Your VR training modules are on headsets. They’ve been sent out for your people to use. Excellent! You may quickly find yourself asking “How can I make a change to those modules?”.
If so, you are not alone. Often, the answer is to call your VR developer, ask them for changes, wait and then redeploy the modules. This is slow and expensive. Thankfully, there is another way. Use a web-based, drag-and-drop authoring tool to make the changes yourself. Then, allow it to deploy the changes automatically.
Using this approach provides L&D and training professionals with some key advantages:
- You don’t need a developer for every change
- You have direct control over the training content
- You can reuse the same VR scene for many training scenarios
- This future-proofs your VR investment.
The first point is self-explanatory. We all know reducing interactions with developers will save time and money. Let’s think about the other points in the context of a few examples.
Soft skills training in VR
Let’s say you’ve hired a VR company to build an office scene for soft skills training. In the scene, we’ll have a few things: a person, a chair and a desk. The module is for hiring a new employee. We want the trainee to interview the person so we can evaluate their performance. The scene is connected to a web-based authoring tool. That means, you have the ability to create any scenario you want with what already exists in the scene. You can:
- Define the flow of the conversation
- Choose responses for the interviewee
- Control the animations of the person being interviewed and more
Using the same VR scene, you could author any number of other soft skills training scenarios. For example:
- Firing an employee
- Employee onboarding
- Conflict resolution
- Informing an employee of new company policies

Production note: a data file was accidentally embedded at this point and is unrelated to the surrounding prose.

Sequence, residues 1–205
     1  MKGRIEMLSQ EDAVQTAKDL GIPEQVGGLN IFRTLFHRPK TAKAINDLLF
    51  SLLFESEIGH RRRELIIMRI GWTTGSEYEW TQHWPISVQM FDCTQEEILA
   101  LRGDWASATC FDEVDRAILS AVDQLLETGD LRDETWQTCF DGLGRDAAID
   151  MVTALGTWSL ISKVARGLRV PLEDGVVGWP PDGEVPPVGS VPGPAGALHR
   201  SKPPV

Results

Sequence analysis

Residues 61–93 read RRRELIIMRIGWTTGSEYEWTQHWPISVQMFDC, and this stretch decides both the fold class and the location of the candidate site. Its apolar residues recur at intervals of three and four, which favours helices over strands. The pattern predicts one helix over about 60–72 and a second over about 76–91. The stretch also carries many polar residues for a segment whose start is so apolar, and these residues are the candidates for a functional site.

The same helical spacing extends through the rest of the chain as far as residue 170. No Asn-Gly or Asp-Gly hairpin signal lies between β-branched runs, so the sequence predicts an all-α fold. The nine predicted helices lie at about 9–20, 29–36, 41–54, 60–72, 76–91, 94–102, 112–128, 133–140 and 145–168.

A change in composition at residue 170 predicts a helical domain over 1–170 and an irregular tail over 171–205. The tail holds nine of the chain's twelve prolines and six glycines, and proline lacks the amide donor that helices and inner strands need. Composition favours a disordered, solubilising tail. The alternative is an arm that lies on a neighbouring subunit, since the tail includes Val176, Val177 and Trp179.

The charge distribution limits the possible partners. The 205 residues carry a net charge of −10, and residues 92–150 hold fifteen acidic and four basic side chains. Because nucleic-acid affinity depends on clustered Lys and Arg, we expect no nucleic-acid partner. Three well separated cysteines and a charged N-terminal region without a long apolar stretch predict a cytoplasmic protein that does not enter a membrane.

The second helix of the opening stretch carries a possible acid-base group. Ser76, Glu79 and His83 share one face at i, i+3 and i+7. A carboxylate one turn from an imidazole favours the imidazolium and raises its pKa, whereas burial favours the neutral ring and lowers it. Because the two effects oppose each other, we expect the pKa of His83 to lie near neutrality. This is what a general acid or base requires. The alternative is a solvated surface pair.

- Influencing and persuading
- Sales training
- Negotiating skills
With an authoring tool, you can reuse the same VR scene and expand the training scenarios on your own. Without it, you need to go back to a developer not only for each new scenario, but for each change in a given scenario. Web-based authoring is a huge time (and cost) saver.
PPE training for essential workers
This is a very important topic these days due to the COVID-19 pandemic. Having a fast and flexible way to train essential workers is crucial. VR training for PPE donning and doffing saves equipment which is in short supply. Often a particular piece of equipment changes based upon what is available. You may start with a certain type of mask or gloves. Next month, it may be a different type. The procedures can change slightly as a result.
Such rapid changes means going to a developer, waiting and redeploying is not a viable, long-term option. Using a web-based authoring tool, you can quickly change the PPE procedures for the new pieces of equipment.
Standard operating procedures for food and beverage
Imagine your restaurant chain has a new menu item. You need to train your employees on how to make it. If you have an existing VR scene for your current SOPs, you can add a new procedure via a web authoring tool. The existing scene will already contain the normal equipment and ingredients in one of your restaurants. Your new procedure will simply use those in a new way. You can define the steps, the actions on the ingredients, the settings on the equipment and best practices for hygiene.
We’ve discussed three specific examples but there are many more! Using a web-based authoring tool provides the same benefits for any kind of VR training. Whenever possible, ask how you can make a change before you start your VR project. That way you can be in control right from the start.
If you want to find out more about web-based authoring for your VR training, please reach out!
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